The viewers were given the chance to watch the opening programme in full at a gala event on Monday night, but were sworn to secrecy about the plot for the highly anticipated next season.
SVT revealed last month that the show was set to start with a scene showing a Danish woman found dead at a dinner table surrounded by creepy mannequins and released a trailer showing the beginning of the first episode. However the screening was the first time that a whole episode had been made available to the media or the public.
“It was crazy good. Several times I sat in the chair and just went 'woahh',” said Paulina Nordling, a fan who won an SVT competition to attend the event which was hosted by the Swedish broadcaster.
“I like the new theme. It feels like The Bridge has done it again,” she told SVT.
The viewing took place in Malmö, one of the key locations for the show, which is filmed on both sides of the Öresund bridge. It was held in Teknikens och sjöfartens hus, a science museum, where a new exhibition about The Bridge is about to open.
It is understood that the audience was introduced to several new characters during the screening, following the departure of one half of the Danish-Swedish cop duo that the show has previously centred around.
Copenhagen-born actor Kim Bodnia quit after the second season because he did not like the way his character Martin Rodhe developed. But Sofia Helin, who plays Saga Norén, the unusual autistic Swedish investigator assigned to work alongside him, will continue to play a key role.
Alexandra Gunnarsson, another winner at the viewing told SVT that she felt Saga remained a strong protagonist, adding that there was “a lot of tension” in the first episode. But she described it as “a pity” that the programme had lost Rodhe.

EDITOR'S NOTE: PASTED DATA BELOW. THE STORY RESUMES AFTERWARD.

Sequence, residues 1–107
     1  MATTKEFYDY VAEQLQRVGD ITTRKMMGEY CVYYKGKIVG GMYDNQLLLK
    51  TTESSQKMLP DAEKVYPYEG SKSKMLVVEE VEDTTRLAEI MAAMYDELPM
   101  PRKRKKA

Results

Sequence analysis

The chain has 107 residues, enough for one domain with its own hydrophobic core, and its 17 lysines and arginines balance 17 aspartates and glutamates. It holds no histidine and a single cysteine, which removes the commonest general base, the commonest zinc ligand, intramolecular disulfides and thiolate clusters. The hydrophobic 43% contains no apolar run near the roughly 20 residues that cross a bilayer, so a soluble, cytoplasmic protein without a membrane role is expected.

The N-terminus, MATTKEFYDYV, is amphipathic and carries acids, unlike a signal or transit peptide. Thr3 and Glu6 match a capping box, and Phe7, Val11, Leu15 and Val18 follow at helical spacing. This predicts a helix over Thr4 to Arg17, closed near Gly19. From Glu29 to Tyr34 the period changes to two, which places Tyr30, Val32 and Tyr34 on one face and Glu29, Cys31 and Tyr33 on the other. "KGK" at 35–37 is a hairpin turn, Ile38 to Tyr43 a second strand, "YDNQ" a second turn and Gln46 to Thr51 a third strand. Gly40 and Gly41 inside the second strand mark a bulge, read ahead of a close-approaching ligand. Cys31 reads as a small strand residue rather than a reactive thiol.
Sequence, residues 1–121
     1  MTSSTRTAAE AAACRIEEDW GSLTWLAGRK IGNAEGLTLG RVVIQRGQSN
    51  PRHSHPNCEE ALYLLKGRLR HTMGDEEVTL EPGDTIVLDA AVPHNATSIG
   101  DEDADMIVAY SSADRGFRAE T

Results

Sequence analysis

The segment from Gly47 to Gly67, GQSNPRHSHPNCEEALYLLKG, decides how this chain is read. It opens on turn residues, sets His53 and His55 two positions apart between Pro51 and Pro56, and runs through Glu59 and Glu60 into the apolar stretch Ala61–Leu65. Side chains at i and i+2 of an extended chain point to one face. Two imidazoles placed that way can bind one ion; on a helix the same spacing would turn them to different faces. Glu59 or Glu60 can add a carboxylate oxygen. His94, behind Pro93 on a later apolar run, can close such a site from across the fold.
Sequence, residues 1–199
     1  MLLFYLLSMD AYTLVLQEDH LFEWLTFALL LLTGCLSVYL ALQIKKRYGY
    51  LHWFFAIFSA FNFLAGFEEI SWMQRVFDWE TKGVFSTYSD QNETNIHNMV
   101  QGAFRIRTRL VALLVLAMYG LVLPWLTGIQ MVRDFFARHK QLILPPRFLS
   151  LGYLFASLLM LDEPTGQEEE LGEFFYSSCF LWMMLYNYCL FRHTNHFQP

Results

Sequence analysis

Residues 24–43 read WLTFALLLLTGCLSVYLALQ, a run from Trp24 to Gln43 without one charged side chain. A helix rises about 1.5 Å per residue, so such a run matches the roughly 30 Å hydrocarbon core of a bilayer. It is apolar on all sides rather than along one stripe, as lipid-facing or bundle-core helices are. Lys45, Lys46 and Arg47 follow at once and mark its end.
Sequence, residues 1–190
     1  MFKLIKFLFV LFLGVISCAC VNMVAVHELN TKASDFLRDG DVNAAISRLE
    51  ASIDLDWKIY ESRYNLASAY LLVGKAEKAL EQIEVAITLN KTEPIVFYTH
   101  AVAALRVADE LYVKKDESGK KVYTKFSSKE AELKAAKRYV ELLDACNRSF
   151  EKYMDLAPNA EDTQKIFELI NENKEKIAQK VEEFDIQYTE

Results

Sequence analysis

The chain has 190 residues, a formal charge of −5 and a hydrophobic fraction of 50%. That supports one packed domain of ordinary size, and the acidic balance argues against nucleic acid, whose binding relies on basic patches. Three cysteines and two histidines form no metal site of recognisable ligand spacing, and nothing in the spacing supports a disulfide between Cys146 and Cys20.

Swedish newspaper Dagens Nyheter (DN) revealed on Tuesday that the previewed episode also included jokes about Swedes using the gender neutral pronoun “hen” and included a comment from series creator Hans Rosenfeldt who said that “themes like gender and gay rights” would continue to crop up.
“It has become more obvious since we began writing the series in 2006 that Sweden and Denmark differ in our visions of 'polticical correctness' from the establishment. It anchors the series in the present in a way that I like,” he said.
Meanwhile actress Sofia Helin told the paper that she had enjoyed “taking up more space with my character”, adding that Saga “gets even more hopeless” during the third season.
It is not yet clear whether there will be any further seasons of The Bridge.
SVT has yet to commission another instalment but Hans Rosenfeldt has said he has ideas for another season and Helin told DN on Tuesday that she would consider returning if presented with a strong script.
“For me, there must be a story that has not been told about Sagas life. If that's the case then I'll do it.”
The Bridge, which is jointly funded by Danish television network DR as well as SVT became a cult hit across Scandinavia four years ago and also has a strong following in the UK and Germany.